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archiTECHtonica. This is one of several shows put together by CU Art Museum director and curator Lisa Tamiris Becker to herald the opening of the institution's new building. It's paired with a show made up of related objects from the permanent collection. Becker invited an international cast of artists who work — broadly speaking — in the nexus of art and architecture. One of the stars is Peter Wegner, who was invited to do an installation — one side of a skinned Winnebago hanging from the ceiling — and a site-specific painting based on a color chip from a paint company. But Wegner did much more, creating fifteen paintings throughout the building, thus setting up an ad hoc show-within-a-show, titled

Wall-to-Wall-to-Wall. Daniel Rozin has created the exhibit's tour de force, a mechanized panel of rusted tiles that acts like a mirror when visitors get in front of it. Other inclusions are altered photos of North Korean buildings by Seung Woo Back; a miniature building by Mildred Howard; and Driss Ouadahi's paintings of high-rises in North Africa. Through December 18 at the CU Art Museum, 1085 18th Street, Boulder, 303-492-8300, Reviewed October 7.

Exposure. Eric Paddock is the Denver Art Museum's first full-fledged photo curator to head up his own new department. To unveil the permanent gallery for photography in the Ponti tower, he's put together Exposure: Photos From the Vault, highlighting a range of gems from the DAM's collection. Collected in fits and spurts, the museum's photo holdings are very uneven, but as Paddock proves with this show, there are a lot of masterworks in it anyway. As could be expected, considering the impressive Wolf Collection of early Western landscapes, there are quite a few pieces by the pioneers of that field, notably Carleton Watkins. And there are a number of well-known photos by famous modern photographers like Diane Arbus, Ansel Adams and Garry Winogrand. Another important feature of the exhibit is the inclusion of many Colorado photographers, including Kevin O'Connell and Wes Kennedy. This aspect is not unexpected coming from a curator who spent most of his career at the Colorado Historical Society. Through October 31, at the Denver Art Museum, 100 West 14th Avenue Parkway, 720-865-5000. Reviewed May 20.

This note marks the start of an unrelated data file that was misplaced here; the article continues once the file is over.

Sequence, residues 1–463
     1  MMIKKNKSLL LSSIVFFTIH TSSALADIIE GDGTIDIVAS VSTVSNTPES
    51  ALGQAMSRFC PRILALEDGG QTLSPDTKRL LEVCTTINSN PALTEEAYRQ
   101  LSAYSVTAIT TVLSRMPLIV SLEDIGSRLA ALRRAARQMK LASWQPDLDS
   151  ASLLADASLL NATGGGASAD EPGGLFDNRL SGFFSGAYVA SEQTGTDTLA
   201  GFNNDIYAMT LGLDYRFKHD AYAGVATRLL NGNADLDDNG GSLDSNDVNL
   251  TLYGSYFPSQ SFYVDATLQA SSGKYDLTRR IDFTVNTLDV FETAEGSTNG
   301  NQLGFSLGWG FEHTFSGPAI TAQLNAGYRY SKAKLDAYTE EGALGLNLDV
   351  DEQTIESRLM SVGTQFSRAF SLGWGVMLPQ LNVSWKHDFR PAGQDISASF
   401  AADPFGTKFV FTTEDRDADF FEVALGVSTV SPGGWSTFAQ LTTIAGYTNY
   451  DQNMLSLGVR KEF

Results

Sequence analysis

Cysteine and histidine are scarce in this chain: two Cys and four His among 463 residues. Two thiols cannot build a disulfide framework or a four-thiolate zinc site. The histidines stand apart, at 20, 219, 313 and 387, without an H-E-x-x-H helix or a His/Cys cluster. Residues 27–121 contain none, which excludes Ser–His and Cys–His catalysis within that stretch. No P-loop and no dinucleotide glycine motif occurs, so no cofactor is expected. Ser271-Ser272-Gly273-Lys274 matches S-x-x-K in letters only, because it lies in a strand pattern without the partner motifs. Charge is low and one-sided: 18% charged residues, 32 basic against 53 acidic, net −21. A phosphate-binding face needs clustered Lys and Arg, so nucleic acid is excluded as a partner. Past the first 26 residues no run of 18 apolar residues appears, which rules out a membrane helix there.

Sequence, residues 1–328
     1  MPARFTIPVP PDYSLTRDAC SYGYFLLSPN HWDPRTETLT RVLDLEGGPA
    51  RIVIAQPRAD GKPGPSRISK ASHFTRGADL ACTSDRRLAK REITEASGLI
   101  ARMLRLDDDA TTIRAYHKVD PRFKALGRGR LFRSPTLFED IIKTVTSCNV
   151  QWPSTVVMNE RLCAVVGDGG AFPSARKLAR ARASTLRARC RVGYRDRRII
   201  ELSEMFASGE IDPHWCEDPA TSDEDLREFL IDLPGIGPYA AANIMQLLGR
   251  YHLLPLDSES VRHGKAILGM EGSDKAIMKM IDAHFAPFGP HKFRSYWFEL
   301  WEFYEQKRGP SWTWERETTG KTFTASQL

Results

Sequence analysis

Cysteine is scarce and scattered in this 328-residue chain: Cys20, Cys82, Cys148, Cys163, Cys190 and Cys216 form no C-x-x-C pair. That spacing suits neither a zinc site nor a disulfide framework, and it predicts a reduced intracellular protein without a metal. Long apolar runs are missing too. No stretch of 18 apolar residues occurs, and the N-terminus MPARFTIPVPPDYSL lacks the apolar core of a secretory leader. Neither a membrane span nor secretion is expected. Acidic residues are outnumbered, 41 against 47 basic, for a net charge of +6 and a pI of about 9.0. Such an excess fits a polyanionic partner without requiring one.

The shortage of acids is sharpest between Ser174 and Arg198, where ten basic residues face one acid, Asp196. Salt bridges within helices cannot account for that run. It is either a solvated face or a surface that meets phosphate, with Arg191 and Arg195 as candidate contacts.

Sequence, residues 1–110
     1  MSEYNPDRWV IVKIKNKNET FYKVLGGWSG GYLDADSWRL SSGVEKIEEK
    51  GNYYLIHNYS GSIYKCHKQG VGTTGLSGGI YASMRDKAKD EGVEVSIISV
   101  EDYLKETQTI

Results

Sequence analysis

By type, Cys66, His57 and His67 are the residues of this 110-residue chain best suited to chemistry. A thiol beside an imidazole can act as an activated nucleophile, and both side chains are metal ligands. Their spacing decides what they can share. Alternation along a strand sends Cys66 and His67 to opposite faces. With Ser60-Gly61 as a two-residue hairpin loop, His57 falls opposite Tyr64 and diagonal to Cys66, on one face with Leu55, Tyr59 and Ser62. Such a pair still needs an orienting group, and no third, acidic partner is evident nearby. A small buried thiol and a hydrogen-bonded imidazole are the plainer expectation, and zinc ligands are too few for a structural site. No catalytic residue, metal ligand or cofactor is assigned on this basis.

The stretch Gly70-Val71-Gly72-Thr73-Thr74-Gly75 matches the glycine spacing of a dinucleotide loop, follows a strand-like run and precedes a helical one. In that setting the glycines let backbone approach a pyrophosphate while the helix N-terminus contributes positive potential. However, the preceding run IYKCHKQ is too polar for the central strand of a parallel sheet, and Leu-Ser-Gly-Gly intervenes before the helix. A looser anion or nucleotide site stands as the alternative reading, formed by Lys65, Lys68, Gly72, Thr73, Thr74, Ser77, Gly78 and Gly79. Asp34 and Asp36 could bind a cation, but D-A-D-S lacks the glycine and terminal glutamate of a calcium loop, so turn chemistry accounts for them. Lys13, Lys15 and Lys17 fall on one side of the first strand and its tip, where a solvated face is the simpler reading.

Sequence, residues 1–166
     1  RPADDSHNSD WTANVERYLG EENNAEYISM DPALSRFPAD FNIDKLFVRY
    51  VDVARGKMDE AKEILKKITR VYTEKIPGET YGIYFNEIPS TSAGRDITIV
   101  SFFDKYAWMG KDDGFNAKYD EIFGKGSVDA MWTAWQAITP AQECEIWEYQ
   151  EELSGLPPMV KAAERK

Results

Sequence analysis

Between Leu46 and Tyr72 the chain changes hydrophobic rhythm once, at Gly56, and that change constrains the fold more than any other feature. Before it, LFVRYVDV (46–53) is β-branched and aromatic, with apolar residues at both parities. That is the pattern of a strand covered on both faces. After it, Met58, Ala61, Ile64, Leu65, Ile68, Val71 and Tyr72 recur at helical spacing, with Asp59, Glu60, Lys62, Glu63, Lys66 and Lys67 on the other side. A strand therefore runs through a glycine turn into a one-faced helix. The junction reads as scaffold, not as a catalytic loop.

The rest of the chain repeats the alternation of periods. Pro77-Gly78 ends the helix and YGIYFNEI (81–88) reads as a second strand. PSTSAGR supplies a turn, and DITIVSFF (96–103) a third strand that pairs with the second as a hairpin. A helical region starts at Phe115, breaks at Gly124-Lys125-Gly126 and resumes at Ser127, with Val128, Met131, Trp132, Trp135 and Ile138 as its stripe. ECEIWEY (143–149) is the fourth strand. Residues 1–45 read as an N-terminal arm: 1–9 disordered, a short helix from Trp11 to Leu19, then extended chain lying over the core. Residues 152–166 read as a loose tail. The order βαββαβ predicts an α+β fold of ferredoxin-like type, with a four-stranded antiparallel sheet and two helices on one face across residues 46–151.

The Furniture of Eero Saarinen. One of the Kirkland Museum of Fine & Decorative Art's specialties is decor. That focus is highlighted in The Furniture of Eero Saarinen: Designs for Everyday Living, a traveling exhibition dedicated to the work of the famous American architect. Though the show was put together by the Knoll Museum, Kirkland director Hugh Grant has supplemented it with pieces from his collection and from the architect's daughter, Susan Saarinen, a landscape designer who lives in our area. The elder Saarinen is best known for his Gateway Arch in St. Louis, but he also designed chairs and tables that have become classics of American furniture. His most radical concept is illustrated in the "Tulip" furniture that counteracted "the slum of legs" that he believed plagued the typical interior. In these works, tables and chairs, are on singular bases that resemble wine glass stems writ large. In addition to Saarinen's own designs, Grant has added works by others from the same era. Through November 28 at the Kirkland Museum, 1311 Pearl Street, 303-832-8576,